I feel bad for not pledging my undying allegiance to the Mastodon fan club after hearing Blood Mountain, hailed as the metal release of the year, because theyre technically without fault. However, their album spends a little too much time showing this off through ungracefully-long tracklengths rather than putting it where its needed most: Im talking about exemplary displays like this. It starts with some bleak acoustic technicalities, and ruthlessly progresses. Its such a viable gem, capped with Troy Sanders fantastical descriptions of god-knows-what, that even those who usually stay far away from metal in any shape or form will find themselves impressed.
4. Anna Molly - Incubus (Light Grenades)
As My Chemical Romance above win the award for a stereotyped band sprouting an arty outgrowth to their sound, Incubus first album in three years is the best ex-nu-metal disc to hit stores in a long time. And nothing leads off Light Grenades better than this catchy-to-hell single, which I cant see myself ever getting tired of: again packed with influences but with enough zip to keep it from sounding like a ham-handed imitation, Brandon Boyd owns the score with his pristine, likable voice.
3. Storm - Theatre of Tragedy (Storm)
Oh, what a year its been for female-fronted hard-rock; Theatre of Tragedy come out much better in the wash with their sixth studio album than Evanescence, despite losing their former lead singer. I only uncovered the Norwegians this year, but theyve already proved to me that they have much of a future in my record player, this being the latest step in their continuing evolution. For the rest of you, Storm is a hauntingly beautiful, industrial pop-goth outing that uses a piano much better than Amy Lee. Listen to it now.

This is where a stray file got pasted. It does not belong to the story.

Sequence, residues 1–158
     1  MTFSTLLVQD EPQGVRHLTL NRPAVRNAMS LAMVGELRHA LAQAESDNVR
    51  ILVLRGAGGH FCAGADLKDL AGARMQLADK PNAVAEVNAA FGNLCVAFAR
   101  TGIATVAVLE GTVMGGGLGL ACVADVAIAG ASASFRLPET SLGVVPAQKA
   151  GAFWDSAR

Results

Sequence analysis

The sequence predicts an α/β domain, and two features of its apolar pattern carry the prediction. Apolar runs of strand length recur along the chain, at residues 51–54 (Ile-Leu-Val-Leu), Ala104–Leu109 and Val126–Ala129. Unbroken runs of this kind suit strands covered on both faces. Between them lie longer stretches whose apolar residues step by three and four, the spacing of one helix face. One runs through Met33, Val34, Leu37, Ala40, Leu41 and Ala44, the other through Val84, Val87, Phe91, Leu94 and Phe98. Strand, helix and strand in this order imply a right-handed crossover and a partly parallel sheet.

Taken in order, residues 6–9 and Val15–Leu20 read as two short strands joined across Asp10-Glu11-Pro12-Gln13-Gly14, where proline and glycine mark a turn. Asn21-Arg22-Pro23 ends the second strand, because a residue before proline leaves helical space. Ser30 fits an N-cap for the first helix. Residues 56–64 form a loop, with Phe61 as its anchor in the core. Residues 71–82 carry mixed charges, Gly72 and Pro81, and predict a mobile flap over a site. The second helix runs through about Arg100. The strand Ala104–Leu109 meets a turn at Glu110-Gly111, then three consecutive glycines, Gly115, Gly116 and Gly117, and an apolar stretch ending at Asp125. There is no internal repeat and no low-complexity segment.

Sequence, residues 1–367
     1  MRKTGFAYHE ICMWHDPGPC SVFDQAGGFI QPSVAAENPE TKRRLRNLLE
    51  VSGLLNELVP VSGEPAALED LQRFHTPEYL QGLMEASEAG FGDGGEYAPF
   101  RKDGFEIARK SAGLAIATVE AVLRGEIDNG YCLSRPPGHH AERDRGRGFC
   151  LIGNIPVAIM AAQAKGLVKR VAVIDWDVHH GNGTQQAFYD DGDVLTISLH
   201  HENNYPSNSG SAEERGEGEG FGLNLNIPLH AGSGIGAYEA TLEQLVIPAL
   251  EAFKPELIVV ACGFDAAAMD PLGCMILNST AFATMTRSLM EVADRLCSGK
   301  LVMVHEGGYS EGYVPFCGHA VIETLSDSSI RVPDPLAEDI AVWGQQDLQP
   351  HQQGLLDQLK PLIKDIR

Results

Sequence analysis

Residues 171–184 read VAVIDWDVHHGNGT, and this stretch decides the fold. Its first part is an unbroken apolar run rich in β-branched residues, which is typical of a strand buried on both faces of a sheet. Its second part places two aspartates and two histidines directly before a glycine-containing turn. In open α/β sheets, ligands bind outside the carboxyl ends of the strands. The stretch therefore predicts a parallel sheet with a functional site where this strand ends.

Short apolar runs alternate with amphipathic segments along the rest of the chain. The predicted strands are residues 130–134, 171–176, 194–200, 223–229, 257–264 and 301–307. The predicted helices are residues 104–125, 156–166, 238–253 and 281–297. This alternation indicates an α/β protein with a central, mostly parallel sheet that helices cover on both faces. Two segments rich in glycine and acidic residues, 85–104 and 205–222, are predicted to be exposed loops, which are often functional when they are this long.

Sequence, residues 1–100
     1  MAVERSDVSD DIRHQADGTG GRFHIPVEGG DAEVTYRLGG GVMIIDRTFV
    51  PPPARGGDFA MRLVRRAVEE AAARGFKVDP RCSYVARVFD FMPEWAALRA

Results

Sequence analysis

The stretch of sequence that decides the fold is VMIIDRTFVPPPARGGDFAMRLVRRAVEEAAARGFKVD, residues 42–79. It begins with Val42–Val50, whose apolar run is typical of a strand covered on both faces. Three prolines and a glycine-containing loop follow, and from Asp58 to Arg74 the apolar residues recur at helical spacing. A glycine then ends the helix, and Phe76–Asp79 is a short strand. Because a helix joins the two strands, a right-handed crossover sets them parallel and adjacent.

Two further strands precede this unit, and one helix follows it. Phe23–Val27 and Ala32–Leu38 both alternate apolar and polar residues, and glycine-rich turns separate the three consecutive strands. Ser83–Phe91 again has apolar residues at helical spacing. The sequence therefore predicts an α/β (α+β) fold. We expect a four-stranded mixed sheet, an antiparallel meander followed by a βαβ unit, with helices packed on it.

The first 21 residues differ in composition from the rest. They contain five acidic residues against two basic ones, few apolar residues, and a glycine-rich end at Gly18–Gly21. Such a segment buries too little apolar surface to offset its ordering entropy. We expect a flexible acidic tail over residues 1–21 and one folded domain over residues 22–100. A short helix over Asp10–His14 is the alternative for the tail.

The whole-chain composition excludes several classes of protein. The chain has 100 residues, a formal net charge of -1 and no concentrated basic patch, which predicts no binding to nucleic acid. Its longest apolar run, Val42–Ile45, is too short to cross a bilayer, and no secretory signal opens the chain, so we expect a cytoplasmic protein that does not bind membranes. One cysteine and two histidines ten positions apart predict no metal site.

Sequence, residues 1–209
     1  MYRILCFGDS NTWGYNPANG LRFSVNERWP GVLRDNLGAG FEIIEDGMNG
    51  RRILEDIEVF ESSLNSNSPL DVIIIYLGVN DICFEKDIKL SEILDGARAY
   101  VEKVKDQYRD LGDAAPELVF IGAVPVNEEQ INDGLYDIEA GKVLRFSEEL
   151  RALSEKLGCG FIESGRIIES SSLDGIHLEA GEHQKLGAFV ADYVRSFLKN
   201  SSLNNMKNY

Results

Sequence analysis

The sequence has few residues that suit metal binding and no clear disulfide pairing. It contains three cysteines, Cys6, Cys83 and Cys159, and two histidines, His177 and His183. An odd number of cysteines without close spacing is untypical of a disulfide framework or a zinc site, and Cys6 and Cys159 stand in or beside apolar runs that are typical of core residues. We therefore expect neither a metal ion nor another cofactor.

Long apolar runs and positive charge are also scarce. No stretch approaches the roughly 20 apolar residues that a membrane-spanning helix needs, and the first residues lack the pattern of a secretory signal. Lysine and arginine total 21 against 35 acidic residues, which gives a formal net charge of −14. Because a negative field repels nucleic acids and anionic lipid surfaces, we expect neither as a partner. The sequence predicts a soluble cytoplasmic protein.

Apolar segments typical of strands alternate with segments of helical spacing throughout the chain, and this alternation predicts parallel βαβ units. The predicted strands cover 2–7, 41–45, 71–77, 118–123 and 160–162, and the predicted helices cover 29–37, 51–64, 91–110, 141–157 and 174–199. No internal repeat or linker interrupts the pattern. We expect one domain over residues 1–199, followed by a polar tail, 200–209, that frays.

2. Im So Sick - Flyleaf (Flyleaf)
Flyleaf round off the second female-fronted act in the top five; unlike Theatre of Tragedy, however, theyve actually had a degree of success here. Im So Sick is the number two song of the year not because theyre the new Beatles or because its better than some of the more melodic options on Flyleafs debut, but because Lacey Mosley really has the voice of a banshee. Never have I heard any frontwoman scream yes, scream - like she does in the opening moments of Im So Sick, and the sludgy guitar exhaust reinforces her compassion. I will break / Into your thoughts / With whats written on my heart / I will BREAK! Kinda makes you wish shed do it more.
And now, for the number one rock song of 2K6...
Lips of An Angel, Hinder
Just kidding. A dishonorable mention also goes to every Nickelback song this year for sounding exactly the same as every other one. Go figure.
The real deal...
1. In Regards to Myself - Underoath (Define the Great Line)
Strictly speaking, its not the best rock song to come out in 2006, but Underoath have, in a twist of fate, impressed me more than any other band this year, and little more than this very opener. This is the sound of a band refusing to fit into their genre, and expanding their music without dragging the floor (hello, the Mars Volta!) Continuous chaos reigns in the number... which fits the redemption-seeking lyrics; Its not too late to come clean, get it off your chest... Theres gotta be some stable ground left to walk on... Pull yourself together, delivered with fiery coherence by screamer Spencer Chamberlain and grunter Aaron Gillespie. It writhes its way through several different transitions and a handful of metallic riffs in just over three minutes dont forget the crushing percussion! Its determinedly a difficult tune, and hard to get to be sure. But when you get it hoo boy, its rewarding.
Here ends the Top 30 Rock Songs for 2006. Thank you for reading or glancing through, whichever applies. May 2007 be full of happiness for you and loaded with awesome rocking just waiting to be let out!
To quote every radio presenter in the nation; this is Black Star 40, signing out.
An entry into Demon & Drew's Year-End Write-Off - Always fun